BIG BIG TRAIN’S DAVID LONG­DON

The great and good of pro­gres­sive mu­sic give us a glimpse into their prog worlds.

Prog - - Take a bow - As told to Grant Moon

Where’s home?

Not­ting­hamshire. I’m happy to be a Not­ting­ham boy.

Your first prog mem­ory?

My par­ents play­ing [The Bea­tles’] Sgt. Pep­per and Straw­berry Fields For­ever at home.

First prog gig?

Gen­e­sis’ Six Of The Best con­cert in Mil­ton Keynes, Oc­to­ber 1982. It was freez­ing and wet. I bought two jacket po­ta­toes to keep me warm and when they lost their heat I ate them.

The first prog record you bought?

When I was 10 my dad bought me [Pink Floyd’s] The Dark Side Of The Moon on cas­sette, and not long af­ter I bought my­self [The Who’s] Who’s Next. To me, that had a pro­gres­sive qual­ity to it.

Favourite piece of tech­nol­ogy?

My DAW [dig­i­tal au­dio work­sta­tion]. I use Pro Tools and Logic Pro X, and I love it. I’ve got [BBT bas­sist Greg Spaw­ton’s wife] Kathy’s old iPhone, but if I go out I don’t even take it with me.

Are there any guilty plea­sures in your mu­sic col­lec­tion?

4-2-4: The Él Records Com­pen­dium Of Soc­cer. I can’t see the point in re­leas­ing some­thing like that, but there it is, in my col­lec­tion.

What would your Mas­ter­mind spe­cial­ist sub­ject be?

I’ve been told I have an en­cy­clo­pe­dic knowl­edge of mu­sic, so maybe that. But I’ve let a lot of it go – it’s re­ally not im­por­tant to know who played bass on ABC’s The Lex­i­con Of Love…

Your big­gest prog ex­trav­a­gance?

I re­cently bought a fan­tas­tic flight case for all my gig stuff – my green man mask, flute stuff, lyric books. It’s very handy and it also rep­re­sents that we’re ready to start play­ing live shows fur­ther afield.

Your favourite venue?

I’ve loved all the venues we’ve played, but Lore­ley was in­cred­i­ble [for Night Of The Prog].

Out­side prog, what are you into?

Read­ing, cook­ing, long walks in the coun­try­side, trav­el­ling to his­toric places. I’ve got a very close cir­cle of friends who I cher­ish, so I make sure I make time for them too.

Who is your prog hero?

Some peo­ple might de­bate whether he’s prog, but David Bowie. And Peter Ham­mill – he’s a man of vi­sion. His com­mit­ment to his art is won­der­ful.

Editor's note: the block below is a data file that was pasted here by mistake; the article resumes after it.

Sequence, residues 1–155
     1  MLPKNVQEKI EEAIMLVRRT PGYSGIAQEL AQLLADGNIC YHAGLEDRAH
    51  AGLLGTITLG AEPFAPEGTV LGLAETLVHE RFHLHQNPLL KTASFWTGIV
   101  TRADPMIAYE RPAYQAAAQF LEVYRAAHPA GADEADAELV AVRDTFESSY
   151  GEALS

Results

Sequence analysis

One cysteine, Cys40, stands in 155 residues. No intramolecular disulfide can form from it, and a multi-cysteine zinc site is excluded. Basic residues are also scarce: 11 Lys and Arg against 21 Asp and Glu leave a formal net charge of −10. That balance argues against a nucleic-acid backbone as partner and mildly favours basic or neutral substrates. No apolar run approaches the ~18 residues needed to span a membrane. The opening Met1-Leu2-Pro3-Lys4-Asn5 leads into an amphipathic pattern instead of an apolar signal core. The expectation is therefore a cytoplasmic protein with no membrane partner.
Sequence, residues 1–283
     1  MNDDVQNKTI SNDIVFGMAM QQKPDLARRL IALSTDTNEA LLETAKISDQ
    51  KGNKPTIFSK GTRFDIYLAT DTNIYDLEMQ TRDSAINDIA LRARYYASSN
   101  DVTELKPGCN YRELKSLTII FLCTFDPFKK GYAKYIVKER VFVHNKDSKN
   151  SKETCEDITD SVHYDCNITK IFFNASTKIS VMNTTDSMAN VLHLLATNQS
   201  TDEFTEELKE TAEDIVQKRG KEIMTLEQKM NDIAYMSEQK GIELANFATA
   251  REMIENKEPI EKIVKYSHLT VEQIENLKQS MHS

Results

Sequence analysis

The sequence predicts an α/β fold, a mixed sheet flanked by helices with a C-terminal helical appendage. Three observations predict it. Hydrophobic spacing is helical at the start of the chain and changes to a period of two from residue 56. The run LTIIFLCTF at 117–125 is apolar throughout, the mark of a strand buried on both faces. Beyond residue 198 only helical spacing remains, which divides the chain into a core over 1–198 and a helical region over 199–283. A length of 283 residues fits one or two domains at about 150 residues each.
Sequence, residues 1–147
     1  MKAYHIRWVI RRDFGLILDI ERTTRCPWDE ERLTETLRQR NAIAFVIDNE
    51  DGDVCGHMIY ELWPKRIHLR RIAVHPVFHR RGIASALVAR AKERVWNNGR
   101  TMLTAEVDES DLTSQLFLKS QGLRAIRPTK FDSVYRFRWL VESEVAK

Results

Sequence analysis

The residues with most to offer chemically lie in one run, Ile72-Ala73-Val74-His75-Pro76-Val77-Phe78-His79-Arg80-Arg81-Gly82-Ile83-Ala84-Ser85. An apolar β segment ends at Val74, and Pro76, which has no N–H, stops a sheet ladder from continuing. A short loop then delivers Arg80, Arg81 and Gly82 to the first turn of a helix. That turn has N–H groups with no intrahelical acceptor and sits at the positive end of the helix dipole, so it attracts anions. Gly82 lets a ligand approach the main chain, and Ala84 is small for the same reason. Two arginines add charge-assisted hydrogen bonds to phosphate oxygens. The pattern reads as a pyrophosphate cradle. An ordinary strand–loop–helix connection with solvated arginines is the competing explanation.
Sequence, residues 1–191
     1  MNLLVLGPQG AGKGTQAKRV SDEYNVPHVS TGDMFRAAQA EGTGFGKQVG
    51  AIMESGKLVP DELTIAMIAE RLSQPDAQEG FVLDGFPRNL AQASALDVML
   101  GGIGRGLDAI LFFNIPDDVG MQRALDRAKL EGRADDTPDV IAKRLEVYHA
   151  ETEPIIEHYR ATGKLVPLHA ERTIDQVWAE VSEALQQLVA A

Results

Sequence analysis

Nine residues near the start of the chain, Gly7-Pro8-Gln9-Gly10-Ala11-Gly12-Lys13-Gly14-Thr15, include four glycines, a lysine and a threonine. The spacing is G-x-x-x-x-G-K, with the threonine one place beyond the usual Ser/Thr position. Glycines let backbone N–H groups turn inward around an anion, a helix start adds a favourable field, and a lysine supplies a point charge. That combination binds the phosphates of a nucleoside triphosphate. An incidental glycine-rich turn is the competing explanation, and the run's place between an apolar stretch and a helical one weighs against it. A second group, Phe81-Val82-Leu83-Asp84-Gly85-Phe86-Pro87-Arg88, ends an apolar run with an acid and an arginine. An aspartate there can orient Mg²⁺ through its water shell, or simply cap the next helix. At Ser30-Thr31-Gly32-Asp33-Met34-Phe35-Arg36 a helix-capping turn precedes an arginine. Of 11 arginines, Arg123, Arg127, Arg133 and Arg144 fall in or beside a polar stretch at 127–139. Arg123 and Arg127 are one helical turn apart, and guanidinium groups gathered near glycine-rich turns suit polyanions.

The last al­bum you bought?

LUMP, a col­lab­o­ra­tion be­tween Laura Mar­ling, who I re­ally like,

and Mike Lind­say of Tunng.

What was the last gig you

went to?

This year’s Cro­predy. Prior to that, Stone Free, and prior to that, Jeff Beck. I like lis­ten­ing

to mu­sic and

I like to go and see bands, and I’ll travel to do it.

Ever had a prog date?

I have, yes. [Long, awk­ward pause] I was in­vited out and I went and no­body died and it was great. [Longer, even more awk­ward pause] I need to be very dis­creet here…

Who do you call in the prog com­mu­nity for a good night out?

Greg. We’ve been through thick and thin to­gether, and ini­tially there wasn’t much thick. He’s got a great sense of hu­mour so there’s a lot of laugh­ter, we spark lots of ideas. We each bear wit­ness to the other.

Two songs typ­ify prog for me: 21st Cen­tury Schizoid Man and Sup­per’s Ready.

What’s the most im­por­tant prog song for you?

Two songs typ­ify the genre for me: [King Crim­son’s] 21st Cen­tury Schizoid Man – al­bum one, track one. What a state­ment of in­tent. And [Gen­e­sis’] Sup­per’s Ready – it’s just so well writ­ten.

Which prog al­bum al­ways gets you in a good mood?

Dark Side Of The Moon has those strong child­hood as­so­ci­a­tions and has stayed with me. That fi­nal coda is so up­lift­ing. And It Bites’ Once Around The World – a good Satur­day night record!

Who’s the best artist you’ve seen?

In terms of spec­ta­cle, Peter Gabriel on his Grow­ing Up Live tour [2003]. I saw his show at Wem­b­ley – it was sen­sa­tional.

What’s your favourite prog al­bum cover?

The Dark Side Of The Moon. It’s such a great, time­less graphic im­age. It rep­re­sents the pin­na­cle of Pink Floyd but the im­age lives be­yond the al­bum.

Rec­om­mend us a proggy read.

Neil Gaiman’s The View From The Cheap Seats is a se­lec­tion of his speeches, ar­ti­cles, lec­tures and let­ters. It’s wise, full of in­sight, and very funny in places. He comes across as very per­son­able and hu­man.

What are you up to at the mo­ment?

I solemnly swear I am up to no good! Writ­ing my con­tri­bu­tions for the next Big Big Train al­bum, and writ­ing songs with Judy Dyble – we’re go­ing to make an al­bum. I’ve also been prac­tis­ing for my per­for­mance with the Downes Braide As­so­ci­a­tion at their show at Trad­ing Bound­aries [Septem­ber 28]. Af­ter all that’s done, I might fi­nally get round to mak­ing my own solo record.

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